Now contrast that with the theatre. You go to the theatre because you like to go to the theatre and your children, frankly, are an encumbrance when it comes to going to the theatre. So you get in a babysitter, and you leave your children at home and they stand there sobbing at the top of the stairs, saying, “please don’t go.” You go, sorry, no Sally’s going to look after you and put you to bed, but mummy and daddy are going now to the theatre, and the child is just going to have to put up with it, because this is too important and you’re not going to miss it.

As they get a little older, when they’re five, six, seven, or eight, you find some suitable theatrical experience for them that gives them some encounter of the foothills of this adult experience that you are eventually hoping to induct them into. You take them to pantomime, or some children’s theatre or whatever. But they grow up knowing that theatre is something you grow into, not something you grow out of.

Jewish life ideally should be like that. You know, if you go to a Charedi community on Simchat Torah, what do you see there? You see a bunch of 80 year-old men with the sifrei torah, dancing passionately in a circle and around the outside are 50 year-old men desperately trying to get into the circle, and the 80 year-old men batting them out going you’re too young yet, just get out. And where are the kids? They’re out in the yard somewhere, just messing about, waiting to grow up into being able to take this seriously.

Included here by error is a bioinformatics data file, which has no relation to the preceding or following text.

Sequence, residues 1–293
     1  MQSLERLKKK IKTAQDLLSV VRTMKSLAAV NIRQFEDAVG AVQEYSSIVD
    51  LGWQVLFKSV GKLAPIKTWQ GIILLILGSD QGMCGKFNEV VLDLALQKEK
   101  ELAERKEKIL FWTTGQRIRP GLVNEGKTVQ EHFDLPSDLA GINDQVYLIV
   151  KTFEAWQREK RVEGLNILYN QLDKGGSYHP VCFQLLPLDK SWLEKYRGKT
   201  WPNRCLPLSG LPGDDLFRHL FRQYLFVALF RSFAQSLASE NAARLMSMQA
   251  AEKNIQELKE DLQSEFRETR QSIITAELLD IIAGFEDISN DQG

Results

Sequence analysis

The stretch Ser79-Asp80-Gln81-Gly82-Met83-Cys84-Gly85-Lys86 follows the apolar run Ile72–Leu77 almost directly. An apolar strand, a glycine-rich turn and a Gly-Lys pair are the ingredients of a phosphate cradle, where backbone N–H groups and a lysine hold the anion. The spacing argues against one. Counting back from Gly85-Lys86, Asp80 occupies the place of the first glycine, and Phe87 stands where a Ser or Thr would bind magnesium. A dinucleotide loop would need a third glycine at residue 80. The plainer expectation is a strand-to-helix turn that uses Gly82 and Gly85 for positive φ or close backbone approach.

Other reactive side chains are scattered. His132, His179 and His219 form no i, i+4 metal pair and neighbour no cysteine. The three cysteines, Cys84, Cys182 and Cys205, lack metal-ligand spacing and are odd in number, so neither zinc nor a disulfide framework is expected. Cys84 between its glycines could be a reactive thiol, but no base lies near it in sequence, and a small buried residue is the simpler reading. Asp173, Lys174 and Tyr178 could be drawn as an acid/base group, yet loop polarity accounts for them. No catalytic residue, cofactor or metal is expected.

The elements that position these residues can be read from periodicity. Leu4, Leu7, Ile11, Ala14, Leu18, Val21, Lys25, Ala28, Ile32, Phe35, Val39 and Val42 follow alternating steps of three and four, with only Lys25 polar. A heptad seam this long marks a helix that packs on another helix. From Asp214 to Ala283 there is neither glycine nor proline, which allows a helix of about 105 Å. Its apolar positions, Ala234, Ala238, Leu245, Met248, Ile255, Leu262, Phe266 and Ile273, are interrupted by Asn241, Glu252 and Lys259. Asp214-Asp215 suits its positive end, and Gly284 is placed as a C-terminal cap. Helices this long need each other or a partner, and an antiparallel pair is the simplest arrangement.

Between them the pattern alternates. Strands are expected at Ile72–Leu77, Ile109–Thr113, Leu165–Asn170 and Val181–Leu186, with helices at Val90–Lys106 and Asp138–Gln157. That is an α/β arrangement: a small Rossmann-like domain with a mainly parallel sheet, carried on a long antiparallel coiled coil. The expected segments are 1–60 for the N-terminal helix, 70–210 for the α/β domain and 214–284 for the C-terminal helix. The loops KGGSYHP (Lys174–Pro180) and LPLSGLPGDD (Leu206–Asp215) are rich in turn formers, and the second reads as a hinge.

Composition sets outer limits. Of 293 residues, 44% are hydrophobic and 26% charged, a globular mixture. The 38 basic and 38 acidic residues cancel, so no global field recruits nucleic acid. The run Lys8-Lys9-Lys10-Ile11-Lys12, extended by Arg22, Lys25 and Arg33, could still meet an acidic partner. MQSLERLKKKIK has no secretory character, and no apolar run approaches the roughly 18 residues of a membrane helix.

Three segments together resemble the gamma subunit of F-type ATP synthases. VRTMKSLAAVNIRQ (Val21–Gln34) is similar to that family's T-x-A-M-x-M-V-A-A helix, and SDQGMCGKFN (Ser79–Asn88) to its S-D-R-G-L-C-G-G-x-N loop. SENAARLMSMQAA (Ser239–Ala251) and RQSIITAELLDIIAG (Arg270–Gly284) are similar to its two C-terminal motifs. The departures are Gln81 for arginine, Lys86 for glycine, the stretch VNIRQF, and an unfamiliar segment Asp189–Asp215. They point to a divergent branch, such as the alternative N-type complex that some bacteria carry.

I mean after all, what’s the central metaphor of Simchat Torah? It’s marriage. Marriage! How is any child supposed to get their heads around the absurd stupidity of trying to construct a permanent monogamous relationship with a scroll? That’s serious grown-up business.

How do we get ourselves, adults, to understand how grown-up being Jewish is? Well, we’ve managed to get a Jewish advert on every single aeroplane in the world. I don’t know if you’ve seen it, it’s got to be a bit subliminal, because if it’s too obvious then they won’t really want to run it on Emirates and stuff. But it’s basically a Jewish grown-up advert. It’s at that point when they tell you that oxygen masks will drop from the panel above. I don’t know if you’ve looked at the panel – no sign of oxygen masks – but you have to trust them that there are apparently some there. And they will drop from the panel above and you’re supposed to fix this on your face.

“If you have dependants with you, fix your own mask first,” it says. This is the message to Jews today, all over the world. If you have dependants with you, fix you own mask first. We spend inordinate amounts of time trying to make our children care about Jewish stuff, inordinate amounts of money trying to provide institutions and educations for our children, so that it matters to them. And actually, we have to do it for ourselves first. If we want to secure the future for the Jews, there’s no point in making them curators of the Jewish museum. We have to make them creators of the Jewish future.

Thank you.

This work is licensed under a Creative Commons License